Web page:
How did Sam make his fireplace and bed in My Side of the Mountain?

1 Answer | Add Yours

dymatsuoka's profile pic

dymatsuoka | (Level 1) Distinguished Educator

Posted on

Sam's bed is made "of ash slats and covered with deerskin".  His fireplace, which is "about knee high", is made of clay and stones, and has "a chimney that leads the smoke out through a knothole".

Sam binds strong branches together to make his bed frame, and weaves a platform that will serve to hold his mattress out of ash slats.  The ash slats "work very well, and are quite springy and comfortable".  At first, Sam piles hemlock boughs on the ash slats to make a soft sleeping surface, but hopes to eventually have a deer hide to take their place.  Sam's bed fits neatly into a space on the right-hand side of his hollowed-out tree.

Making a fireplace is a much more difficult undertaking for Sam; it takes him three days to get it right "so that it (doesn't) smoke (him) out of the tree like a bee".  He makes the chimney out of clay, but finds that it sags because it is "too heavy to hold itself up".  Sam works some dry grasses into the clay to strengthen it to the point to where it will hold its own weight.  He then whittles a hole through one of the tree's knotholes to allow smoke from the fireplace to escape, and builds the chimney down from this, but finds that when the clay dries, it shrinks and pulls away from the tree, allowing the smoke to pour back into the tree's interior.  Sam seals the leak with pine pitch, which works for awhile, but then he finds that the funnel over the fire bed cracks, and must find a way to fix that.  After trying a number of methods to no avail, Sam finally discovers a large, flat stone to hold up the funnel, and the fireplace is at last usable.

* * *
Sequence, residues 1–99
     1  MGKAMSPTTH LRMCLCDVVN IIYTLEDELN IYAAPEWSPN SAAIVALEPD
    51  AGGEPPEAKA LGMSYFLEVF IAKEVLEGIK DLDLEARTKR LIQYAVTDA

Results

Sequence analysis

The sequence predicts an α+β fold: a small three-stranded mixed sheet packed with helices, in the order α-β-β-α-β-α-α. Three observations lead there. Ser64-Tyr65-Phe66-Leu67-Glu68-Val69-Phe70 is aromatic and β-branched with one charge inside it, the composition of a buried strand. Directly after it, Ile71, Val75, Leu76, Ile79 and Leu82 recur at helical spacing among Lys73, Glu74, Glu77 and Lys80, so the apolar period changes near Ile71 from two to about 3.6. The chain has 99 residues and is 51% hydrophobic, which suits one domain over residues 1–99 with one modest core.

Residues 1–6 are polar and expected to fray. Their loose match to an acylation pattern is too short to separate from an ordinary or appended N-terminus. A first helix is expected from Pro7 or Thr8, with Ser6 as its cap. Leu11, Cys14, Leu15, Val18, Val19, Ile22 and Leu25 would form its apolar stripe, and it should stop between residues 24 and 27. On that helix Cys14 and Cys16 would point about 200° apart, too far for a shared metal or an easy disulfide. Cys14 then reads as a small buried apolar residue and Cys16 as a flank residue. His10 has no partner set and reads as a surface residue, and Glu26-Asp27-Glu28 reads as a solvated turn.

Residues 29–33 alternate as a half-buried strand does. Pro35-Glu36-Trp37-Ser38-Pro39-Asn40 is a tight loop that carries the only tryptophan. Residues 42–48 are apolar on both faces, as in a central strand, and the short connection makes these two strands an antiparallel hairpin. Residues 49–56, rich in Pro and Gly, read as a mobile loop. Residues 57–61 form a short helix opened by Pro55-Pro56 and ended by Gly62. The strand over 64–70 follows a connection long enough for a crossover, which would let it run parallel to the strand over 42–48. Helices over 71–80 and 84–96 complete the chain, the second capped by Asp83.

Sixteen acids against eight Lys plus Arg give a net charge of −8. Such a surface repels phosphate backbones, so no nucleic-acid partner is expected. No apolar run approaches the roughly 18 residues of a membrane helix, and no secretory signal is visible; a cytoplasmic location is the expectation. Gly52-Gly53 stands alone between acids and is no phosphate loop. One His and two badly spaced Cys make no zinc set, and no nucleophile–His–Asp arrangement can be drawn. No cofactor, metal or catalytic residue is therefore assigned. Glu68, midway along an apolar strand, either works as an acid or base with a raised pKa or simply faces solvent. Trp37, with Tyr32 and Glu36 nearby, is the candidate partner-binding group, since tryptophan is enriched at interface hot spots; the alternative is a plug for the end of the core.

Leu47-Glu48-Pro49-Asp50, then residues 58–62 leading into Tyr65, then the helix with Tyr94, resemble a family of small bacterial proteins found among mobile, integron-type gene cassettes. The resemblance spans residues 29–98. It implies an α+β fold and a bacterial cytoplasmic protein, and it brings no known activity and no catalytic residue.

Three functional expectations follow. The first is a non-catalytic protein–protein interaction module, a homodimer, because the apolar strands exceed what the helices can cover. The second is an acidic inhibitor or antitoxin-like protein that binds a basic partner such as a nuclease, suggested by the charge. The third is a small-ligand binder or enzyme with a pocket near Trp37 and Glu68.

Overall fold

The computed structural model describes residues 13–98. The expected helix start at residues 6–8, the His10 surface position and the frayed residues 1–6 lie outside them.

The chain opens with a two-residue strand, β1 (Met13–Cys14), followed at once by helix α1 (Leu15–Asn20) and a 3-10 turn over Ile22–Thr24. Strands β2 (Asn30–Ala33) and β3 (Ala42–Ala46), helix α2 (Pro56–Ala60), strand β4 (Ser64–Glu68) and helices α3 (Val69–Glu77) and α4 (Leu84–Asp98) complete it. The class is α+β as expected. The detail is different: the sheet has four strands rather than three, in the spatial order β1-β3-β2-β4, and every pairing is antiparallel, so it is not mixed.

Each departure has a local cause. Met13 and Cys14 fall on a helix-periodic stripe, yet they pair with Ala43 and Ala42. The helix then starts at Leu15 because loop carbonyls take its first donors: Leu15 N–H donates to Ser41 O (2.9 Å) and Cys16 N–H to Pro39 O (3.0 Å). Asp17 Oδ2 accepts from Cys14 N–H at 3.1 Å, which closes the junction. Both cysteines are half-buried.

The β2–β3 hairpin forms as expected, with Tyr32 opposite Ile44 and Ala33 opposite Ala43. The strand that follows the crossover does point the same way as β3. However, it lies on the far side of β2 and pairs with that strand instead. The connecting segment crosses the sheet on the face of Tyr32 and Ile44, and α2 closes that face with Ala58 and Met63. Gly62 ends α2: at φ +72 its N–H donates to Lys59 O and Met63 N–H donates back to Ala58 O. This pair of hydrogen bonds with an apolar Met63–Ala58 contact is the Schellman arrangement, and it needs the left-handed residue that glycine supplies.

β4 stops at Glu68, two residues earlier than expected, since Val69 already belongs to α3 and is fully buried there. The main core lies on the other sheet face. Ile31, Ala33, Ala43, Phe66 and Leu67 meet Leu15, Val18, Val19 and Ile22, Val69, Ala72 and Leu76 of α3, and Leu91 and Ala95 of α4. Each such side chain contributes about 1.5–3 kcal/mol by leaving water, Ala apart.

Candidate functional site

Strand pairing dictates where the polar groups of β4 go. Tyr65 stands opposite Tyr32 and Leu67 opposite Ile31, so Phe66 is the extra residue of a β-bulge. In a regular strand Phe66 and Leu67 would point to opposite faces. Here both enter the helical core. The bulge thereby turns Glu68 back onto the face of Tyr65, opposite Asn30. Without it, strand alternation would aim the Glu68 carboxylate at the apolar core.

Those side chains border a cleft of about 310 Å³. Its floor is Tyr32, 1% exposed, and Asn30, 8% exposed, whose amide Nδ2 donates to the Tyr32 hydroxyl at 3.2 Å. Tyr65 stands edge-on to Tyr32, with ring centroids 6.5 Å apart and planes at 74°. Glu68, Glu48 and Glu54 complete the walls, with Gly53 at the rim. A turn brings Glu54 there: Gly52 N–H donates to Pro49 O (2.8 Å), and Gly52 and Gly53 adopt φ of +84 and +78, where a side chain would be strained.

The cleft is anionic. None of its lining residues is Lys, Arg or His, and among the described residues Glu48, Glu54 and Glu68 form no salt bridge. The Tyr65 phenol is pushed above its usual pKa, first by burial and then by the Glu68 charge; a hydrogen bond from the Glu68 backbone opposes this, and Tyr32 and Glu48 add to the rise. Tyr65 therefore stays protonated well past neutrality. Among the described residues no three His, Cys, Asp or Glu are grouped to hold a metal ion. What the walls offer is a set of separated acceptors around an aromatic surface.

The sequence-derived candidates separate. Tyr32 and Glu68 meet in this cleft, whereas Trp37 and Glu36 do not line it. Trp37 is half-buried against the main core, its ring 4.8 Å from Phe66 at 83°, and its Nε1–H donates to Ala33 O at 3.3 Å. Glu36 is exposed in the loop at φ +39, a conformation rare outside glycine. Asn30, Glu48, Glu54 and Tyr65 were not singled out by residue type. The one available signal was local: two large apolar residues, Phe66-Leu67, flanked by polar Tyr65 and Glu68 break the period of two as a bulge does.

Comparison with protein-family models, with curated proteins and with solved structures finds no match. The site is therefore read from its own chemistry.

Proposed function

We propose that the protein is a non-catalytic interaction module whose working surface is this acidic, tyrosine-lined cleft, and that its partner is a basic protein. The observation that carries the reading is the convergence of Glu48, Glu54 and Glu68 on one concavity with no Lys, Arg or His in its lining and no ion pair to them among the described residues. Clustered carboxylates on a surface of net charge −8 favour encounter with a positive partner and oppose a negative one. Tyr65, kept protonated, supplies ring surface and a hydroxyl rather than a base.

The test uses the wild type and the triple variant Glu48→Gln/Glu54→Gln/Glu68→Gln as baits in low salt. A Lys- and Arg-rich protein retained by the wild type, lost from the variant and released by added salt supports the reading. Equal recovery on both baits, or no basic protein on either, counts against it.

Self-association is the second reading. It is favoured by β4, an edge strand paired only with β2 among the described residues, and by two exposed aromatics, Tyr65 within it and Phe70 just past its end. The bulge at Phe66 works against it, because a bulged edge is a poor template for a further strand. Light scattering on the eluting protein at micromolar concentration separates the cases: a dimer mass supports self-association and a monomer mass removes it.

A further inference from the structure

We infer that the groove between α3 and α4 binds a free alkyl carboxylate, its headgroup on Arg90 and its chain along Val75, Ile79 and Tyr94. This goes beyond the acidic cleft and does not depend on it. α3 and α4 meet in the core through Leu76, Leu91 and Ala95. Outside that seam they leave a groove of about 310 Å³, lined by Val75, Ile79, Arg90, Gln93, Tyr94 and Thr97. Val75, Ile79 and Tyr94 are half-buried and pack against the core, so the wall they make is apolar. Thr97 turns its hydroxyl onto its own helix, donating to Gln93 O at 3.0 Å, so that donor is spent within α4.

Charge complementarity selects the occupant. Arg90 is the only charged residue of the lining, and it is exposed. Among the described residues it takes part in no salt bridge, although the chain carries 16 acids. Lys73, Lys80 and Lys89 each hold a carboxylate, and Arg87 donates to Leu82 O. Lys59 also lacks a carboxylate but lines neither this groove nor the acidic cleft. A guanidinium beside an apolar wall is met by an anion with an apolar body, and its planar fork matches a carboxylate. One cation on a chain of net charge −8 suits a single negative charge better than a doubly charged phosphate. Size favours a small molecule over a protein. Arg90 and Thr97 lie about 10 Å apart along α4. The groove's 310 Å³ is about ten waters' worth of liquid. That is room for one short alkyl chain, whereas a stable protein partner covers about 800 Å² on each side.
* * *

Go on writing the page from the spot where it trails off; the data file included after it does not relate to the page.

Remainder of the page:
In a scary turn of events, Sam notices that his pet bird Frightful becomes lethargic before the cozy warmth of the fireplace, and realizes that the fire is consuming all the oxygen in the tree.  Understanding that he must provide more ventilation for their safety, he cuts several more holes in the tree, and eventually finds that the air circulates enough for them to use the fireplace safely.

We’ve answered 317,347 questions. We can answer yours, too.

Ask a question